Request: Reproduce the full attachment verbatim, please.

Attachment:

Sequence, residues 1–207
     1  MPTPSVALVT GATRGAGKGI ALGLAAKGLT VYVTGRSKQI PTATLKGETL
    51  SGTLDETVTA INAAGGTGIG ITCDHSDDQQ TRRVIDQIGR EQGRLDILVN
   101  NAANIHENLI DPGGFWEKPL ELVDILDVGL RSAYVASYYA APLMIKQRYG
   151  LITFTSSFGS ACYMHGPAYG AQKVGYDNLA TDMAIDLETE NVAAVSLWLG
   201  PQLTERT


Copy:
Sequence, residues 1–207
     1  MPTPSVALVT GATRGAGKGI ALGLAAKGLT VYVTGRSKQI PTATLKGETL
    51  SGTLDETVTA INAAGGTGIG ITCDHSDDQQ TRRVIDQIGR EQGRLDILVN
   101  NAANIHENLI DPGGFWEKPL ELVDILDVGL RSAYVASYYA APLMIKQRYG
   151  LITFTSSFGS ACYMHGPAYG AQKVGYDNLA TDMAIDLETE NVAAVSLWLG
   201  PQLTERT